Anyway, I'm glad I've run across his path once again, and someday maybe I'll manage to work my way up to Syracuse to meet Jeremy, Samantha and the kids. He is, after all, my mother's mother-in-law's brother-in-law's grandson.

Hymn of the Week: It Is Well With My Soul

Before I post this week's hymn, I wanted to plug a website (which was plugged in the comments section of my last hymn post) that I have discovered to be a pleasure. You may recall I mentioned a series of cds called Indelible Grace, put out by RUF (which we learned stands for Reformed University Fellowship). Here is the website for their online hymnbook. It has some great ones, complete with leader sheets, guitar chords, and other goodies. It also has an MP3 for each song to give you an idea of how to play it in its current arrangement (these aren't the full songs, just enough to give you an idea of how it works). Anyway, here you go:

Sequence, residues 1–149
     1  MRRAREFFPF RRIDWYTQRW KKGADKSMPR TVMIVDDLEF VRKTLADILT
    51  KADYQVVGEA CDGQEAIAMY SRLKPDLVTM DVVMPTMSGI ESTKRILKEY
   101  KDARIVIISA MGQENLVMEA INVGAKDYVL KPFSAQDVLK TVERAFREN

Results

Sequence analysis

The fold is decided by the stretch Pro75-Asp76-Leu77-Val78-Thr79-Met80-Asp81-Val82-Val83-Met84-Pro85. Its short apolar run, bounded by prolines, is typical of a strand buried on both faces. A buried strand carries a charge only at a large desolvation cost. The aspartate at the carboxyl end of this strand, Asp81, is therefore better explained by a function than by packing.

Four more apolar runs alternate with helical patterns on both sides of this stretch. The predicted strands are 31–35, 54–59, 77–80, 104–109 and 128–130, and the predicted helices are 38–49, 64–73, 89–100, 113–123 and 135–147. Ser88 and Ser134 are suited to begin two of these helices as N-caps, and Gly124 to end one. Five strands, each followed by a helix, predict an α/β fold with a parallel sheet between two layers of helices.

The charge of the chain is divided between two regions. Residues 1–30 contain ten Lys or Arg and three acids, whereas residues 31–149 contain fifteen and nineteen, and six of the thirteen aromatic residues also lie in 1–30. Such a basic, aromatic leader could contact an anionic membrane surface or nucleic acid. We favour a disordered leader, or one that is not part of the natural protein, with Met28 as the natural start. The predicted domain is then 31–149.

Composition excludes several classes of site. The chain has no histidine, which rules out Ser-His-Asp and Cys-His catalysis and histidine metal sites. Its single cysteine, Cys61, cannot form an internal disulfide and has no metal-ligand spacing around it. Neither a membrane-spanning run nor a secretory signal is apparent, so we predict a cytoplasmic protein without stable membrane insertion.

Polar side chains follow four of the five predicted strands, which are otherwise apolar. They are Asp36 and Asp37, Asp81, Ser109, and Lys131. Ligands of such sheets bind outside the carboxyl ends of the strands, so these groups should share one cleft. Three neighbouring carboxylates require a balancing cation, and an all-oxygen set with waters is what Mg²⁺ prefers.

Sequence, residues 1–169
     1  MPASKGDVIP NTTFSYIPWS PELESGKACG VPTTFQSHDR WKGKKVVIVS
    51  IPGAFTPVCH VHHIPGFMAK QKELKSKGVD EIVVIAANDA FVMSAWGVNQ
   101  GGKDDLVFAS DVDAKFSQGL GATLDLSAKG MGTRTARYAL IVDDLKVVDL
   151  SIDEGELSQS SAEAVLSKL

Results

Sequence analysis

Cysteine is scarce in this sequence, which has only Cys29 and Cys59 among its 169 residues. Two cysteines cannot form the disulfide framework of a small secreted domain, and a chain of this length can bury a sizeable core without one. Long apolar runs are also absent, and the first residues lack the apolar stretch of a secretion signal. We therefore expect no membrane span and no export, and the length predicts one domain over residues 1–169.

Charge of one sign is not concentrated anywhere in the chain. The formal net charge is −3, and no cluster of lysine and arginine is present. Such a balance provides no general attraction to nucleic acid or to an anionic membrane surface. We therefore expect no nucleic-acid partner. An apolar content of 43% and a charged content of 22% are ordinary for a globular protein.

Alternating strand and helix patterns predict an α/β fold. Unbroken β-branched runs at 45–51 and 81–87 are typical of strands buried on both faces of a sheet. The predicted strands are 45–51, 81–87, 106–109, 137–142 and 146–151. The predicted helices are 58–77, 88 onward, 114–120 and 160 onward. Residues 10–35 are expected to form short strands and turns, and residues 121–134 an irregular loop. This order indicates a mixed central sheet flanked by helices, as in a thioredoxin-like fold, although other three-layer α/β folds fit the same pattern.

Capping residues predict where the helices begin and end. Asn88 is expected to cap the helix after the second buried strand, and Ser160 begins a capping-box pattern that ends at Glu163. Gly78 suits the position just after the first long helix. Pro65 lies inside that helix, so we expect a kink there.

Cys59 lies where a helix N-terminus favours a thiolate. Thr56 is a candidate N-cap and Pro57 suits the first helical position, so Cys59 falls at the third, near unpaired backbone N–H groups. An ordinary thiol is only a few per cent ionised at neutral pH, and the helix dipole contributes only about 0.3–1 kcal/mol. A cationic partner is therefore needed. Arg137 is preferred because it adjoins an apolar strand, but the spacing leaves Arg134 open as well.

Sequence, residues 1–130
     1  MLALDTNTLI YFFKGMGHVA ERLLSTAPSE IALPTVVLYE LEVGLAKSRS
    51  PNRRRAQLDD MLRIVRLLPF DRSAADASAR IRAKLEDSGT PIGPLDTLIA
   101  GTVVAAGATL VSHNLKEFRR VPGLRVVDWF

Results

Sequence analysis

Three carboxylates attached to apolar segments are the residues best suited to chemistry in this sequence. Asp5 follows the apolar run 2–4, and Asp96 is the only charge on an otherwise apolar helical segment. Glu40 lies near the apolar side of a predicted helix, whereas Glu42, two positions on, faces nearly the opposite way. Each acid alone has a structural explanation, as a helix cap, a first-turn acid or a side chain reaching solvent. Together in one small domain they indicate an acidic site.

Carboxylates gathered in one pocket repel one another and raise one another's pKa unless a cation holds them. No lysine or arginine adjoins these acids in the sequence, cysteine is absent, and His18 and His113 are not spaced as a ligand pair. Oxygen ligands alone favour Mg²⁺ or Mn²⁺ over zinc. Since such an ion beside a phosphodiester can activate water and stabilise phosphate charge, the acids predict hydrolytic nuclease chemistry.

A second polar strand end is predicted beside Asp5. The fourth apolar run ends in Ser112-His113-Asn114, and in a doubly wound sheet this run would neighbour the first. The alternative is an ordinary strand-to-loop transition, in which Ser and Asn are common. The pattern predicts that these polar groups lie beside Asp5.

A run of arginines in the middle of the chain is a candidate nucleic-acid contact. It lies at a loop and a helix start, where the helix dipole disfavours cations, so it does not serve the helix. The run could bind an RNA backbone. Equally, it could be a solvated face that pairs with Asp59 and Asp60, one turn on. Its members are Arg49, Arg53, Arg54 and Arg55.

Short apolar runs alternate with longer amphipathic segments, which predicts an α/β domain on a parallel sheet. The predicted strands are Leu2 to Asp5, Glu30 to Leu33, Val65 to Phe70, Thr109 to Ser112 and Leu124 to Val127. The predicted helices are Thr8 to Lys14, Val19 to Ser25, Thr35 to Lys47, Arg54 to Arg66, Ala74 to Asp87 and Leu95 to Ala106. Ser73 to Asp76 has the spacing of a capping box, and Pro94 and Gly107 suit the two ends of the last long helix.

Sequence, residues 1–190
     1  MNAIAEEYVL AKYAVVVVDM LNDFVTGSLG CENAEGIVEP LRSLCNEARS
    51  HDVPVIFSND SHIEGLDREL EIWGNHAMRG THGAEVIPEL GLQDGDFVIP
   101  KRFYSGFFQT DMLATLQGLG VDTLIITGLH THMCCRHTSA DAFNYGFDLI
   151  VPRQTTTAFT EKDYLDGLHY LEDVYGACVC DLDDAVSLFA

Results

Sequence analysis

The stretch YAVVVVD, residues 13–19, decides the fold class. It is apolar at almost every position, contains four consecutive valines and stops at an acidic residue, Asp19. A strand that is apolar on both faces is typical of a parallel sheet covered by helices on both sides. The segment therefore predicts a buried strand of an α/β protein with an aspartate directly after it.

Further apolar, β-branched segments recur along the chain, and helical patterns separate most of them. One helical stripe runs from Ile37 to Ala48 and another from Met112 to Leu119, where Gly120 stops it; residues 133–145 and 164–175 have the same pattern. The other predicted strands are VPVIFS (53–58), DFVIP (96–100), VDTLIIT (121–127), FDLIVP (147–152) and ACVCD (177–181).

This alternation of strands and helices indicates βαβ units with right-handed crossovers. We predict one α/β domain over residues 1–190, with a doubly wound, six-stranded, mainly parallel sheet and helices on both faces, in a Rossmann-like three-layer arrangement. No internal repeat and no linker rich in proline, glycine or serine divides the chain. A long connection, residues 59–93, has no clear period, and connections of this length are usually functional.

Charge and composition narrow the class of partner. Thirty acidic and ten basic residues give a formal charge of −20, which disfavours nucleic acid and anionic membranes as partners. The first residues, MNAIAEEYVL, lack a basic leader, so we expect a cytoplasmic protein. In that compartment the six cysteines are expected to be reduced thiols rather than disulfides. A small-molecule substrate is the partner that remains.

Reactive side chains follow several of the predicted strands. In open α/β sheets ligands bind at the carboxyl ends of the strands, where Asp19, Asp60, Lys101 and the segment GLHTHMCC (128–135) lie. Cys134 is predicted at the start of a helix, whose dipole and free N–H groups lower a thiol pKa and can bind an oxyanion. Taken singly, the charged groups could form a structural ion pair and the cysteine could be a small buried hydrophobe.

Now, this week's pick is a very well known hymn, It Is Well With My Soul, by Horatio Spafford. I'm sure most of you know this great song, but I hope you'll take the opportunity to reflect on these words. As last time, here are the lyrics, followed by a few thoughts of my own.

When peace, like a river, attendeth my way
When sorrows like sea billows roll
Whatever my lot, Thou hast taught me to say
“It is well, it is well with my soul”

It is well (it is well) with my soul (with my soul)It is well, it is well with my soul

Though Satan should buffet, though trials should come
Let this blessed assurance control
That Christ has regarded my helpless estate
And hath shed His own blood for my soul